Arthropods are the bottom of the food chain for many ecosystems. So it was no surprise to see that their decline simultaneously coincided with Luquillo’s insectivorous lizards, frogs, and birds.

Scientists estimate that planet’s tropical forests harbor two-thirds of all species. Given the dramatic collapse of Puerto Rico’s arthropods under just 2°C warming, the study published in the Proceedings of the National Academy of Sciences highlights just how vulnerable tropical ecosystems can be.

“Limiting global warming to 1.5°C compared with 2°C would reduce challenging impacts on ecosystems, human health and well-being, making it easier to achieve the United Nations Sustainable Development Goals,” said Priyardarshi Shukla, Co-Chair of IPCC Working Group III.

It is still possible to keep global warming under 1.5°C. However, doing so will require an unprecedented change from behalf of all stakeholders — and all of us. Another IPCC report released last week concluded that the goals of the Paris Agreement, while a major step in the right direction, are not ambitious enough — according to current projections, we’ll reach 1.5C by 2030.

Send tesla.

Musk says Puerto Rico’s power grid could be built from the ground up with solar and battery packs

In the wake of two hurricanes, Puerto Rico’s power grid was blasted back to the stone age. In an effort to return power to the people who need it, Tesla has been shipping Powerwalls over to the island. Now, CEO Elon Musk says the company might rebuild the entire power grid, scaling up their battery-and-solar model to service the entire state.

Even before disaster hit, Puerto Rico wasn’t in the best place energy-wise — electricity rates were already quite high, at about US$0.20/kWh, and was drawn almost entirely from fossil fuels. Of course, this situation hardly improved after two hurricanes battered the island within weeks of one another. Change, however, begets opportunity. After it was pointed out that Puerto Rico’s destroyed grid offers the chance to build a new, better one, Tesla’s CEO Elon Musk wrote on Twitter:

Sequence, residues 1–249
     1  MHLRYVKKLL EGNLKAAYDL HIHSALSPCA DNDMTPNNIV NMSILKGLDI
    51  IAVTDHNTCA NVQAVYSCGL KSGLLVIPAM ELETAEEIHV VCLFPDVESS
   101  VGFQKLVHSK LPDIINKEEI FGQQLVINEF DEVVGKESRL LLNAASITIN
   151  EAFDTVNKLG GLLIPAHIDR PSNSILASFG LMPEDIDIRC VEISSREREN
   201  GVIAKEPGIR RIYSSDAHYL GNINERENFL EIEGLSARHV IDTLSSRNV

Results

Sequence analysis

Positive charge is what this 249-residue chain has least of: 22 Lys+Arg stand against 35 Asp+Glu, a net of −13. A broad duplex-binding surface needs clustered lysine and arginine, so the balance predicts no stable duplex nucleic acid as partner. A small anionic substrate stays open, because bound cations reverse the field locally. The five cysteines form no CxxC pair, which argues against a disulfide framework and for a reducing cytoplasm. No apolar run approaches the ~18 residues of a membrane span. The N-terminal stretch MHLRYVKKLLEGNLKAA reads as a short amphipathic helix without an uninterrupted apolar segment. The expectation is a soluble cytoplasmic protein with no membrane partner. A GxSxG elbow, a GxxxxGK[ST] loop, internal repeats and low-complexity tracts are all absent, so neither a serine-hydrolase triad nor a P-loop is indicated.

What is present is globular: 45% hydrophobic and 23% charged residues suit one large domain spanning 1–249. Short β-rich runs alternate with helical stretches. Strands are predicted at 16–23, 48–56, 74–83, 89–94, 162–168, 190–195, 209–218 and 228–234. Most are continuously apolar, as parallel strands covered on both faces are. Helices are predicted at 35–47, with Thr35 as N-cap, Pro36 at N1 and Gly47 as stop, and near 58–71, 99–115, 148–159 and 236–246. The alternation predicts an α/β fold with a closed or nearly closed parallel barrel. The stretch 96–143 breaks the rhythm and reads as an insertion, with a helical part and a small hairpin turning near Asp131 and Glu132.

Musk is referring to battery-and-solar projects Tesla recently deployed to other islands, such as Kauai (where the company installed a very impressive Powerpack) or the American Samoa (where they set up a battery and solar panel microgrid). These projects are meant to supply small populations, granted, but Musk always insisted they’re easily scalable and could potentially power larger islands, or entire continents.

Puerto Rico’s governor, Ricardo Rosselló, later offered to talk through the idea with Musk.

However, this renewable grid would not be immune to subsequent disasters. Puerto Rico would still use power lines to feed larger users, which can be snapped by a hurricane, to serve larger groups of users, and the generators themselves would also be quite vulnerable. Some of Puerto Rico’s previous wind and solar farms were badly damaged in the recent hurricanes, amplifying the island’s energy woes. However, Tesla’s grid would be harder to knock out completely. By relying on solar generation instead of fossil fuels, it can be spread throughout an area, improving the odds that at least some parts will remain online and that normal operations can be resumed more quickly in the event of a natural disaster.

Tesla is already making efforts to restart Puerto Rico’s grid. The company’s home battery pack, the Powerwall, is being shipped to Puerto Rico to allow homeowners with existing rooftop solar panels to connect to these battery packs instead of the power grid in order to power their homes — or even communities. It’s more of a patch than a fix, however. Local installers are often difficult to get a hold of, and some are charging up to $12,000 for a Powerwall and its installation. Tesla’s website says that the Powerwall and the supporting hardware costs $6,200, with a “typical installation cost ranges from $800 to $2,000.

Given the outrageous third-party costs involved here, it’s no surprise that locals are increasingly turning to car batteries and inverters, which are both highly inefficient and increasingly rare in Puerto Rico.

Overall, the plight of Puerto Rico offers a great opportunity for renewable energy to flex its muscles. However, we mustn’t forget that this situation impacts real people, with very real consequences. Action — any action — is needed, and sooner rather than later.